1845 — First publication of “The Raven”
In his more ambitious days, Lowell Jacobs had been an expert on the works of Edgar Allan Poe. His academic career hit an embarrassing snag before he was able to secure university employment, and his life went in other directions.
His love for Poe stayed with him through different careers. As a Baltimore bookseller, he reserved a special section for grotesque and arabesque tales — rare editions on the highest shelf, with recent paperbacks in easier reach, alongside Poe postcards, action figures, and finger-puppets. After several years’ work in a local coffee franchise, he encouraged the creation of an E. A. Poe blend — a dark roast with a bitter aftertaste, earning few repeat customers.
In his later years, Lowell and his wife opened a pet store in Essex. The “store cat” was a black stray named Pluto (with, fortunately, both eyes). Near the register hung a large brass cage with a “Not For Sale” sign beneath the latched door. The large black mynah inside wasn’t exactly a raven, but to amuse himself and the store’s patrons, Lowell had painstakingly taught the bird the appropriate one-word phrase.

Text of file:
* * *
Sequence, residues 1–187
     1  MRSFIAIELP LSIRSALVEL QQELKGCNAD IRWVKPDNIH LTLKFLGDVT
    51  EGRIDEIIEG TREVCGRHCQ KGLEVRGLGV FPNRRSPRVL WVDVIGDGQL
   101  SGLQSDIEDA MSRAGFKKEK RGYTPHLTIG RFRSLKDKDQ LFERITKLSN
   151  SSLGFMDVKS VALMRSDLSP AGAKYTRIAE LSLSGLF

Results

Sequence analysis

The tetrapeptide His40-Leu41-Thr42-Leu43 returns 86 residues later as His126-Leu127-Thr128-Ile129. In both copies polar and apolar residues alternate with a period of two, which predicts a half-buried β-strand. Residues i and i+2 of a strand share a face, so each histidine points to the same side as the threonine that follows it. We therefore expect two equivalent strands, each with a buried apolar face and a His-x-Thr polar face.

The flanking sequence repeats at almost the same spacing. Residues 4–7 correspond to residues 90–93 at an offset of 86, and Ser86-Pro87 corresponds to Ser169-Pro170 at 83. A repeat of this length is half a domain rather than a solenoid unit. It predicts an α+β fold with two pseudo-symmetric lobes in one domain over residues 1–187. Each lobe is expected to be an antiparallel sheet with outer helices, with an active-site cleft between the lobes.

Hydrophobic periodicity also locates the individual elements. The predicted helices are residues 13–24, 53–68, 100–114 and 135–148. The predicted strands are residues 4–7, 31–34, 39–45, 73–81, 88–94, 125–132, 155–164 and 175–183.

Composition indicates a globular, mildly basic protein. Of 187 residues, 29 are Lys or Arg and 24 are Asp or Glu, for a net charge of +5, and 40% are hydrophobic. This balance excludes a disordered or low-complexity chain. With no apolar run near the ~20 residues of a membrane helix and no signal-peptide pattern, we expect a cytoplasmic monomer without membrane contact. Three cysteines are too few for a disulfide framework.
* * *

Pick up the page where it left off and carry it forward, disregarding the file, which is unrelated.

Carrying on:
“Do you think our team will win the Superbowl again, Edgar?” he’d say as he rang up a bag of cat litter.
And the customer would burst into spontaneous laughter at the bird’s rude pessimism.
Once, his wife (who, fortunately, was not named Lenore) knocked over a display of chew toys, saying “When will I ever learn?”
When the bird responded, Lowell quipped, “Edgar knows you better than you know yourself.”
The mynah bird could mimic other sounds, including beeps of the cash register and the unconscious coughs and throat-clearing Lowell made throughout the workday. But the envoy line from Poe’s “The Raven” was the most frequent outburst.
Out of habit, Lowell phrased many remarks as questions in hopes of setting Edgar up for a punchline — talking about, for example, the weather (“Will this rain ever clear up?”), politics (“When will we stop fighting these wars?”) or current events (“When will this strange flu season end?”).
Then the Red Death visited the world, wiping out the human population in a matter of days. Locked in his cage, his food supply quickly dwindling, Edgar the bird offered the last living sounds: the beeps of cash-register commerce, a choking human cough, and a repeating, appropriate answer to every unasked question about existence.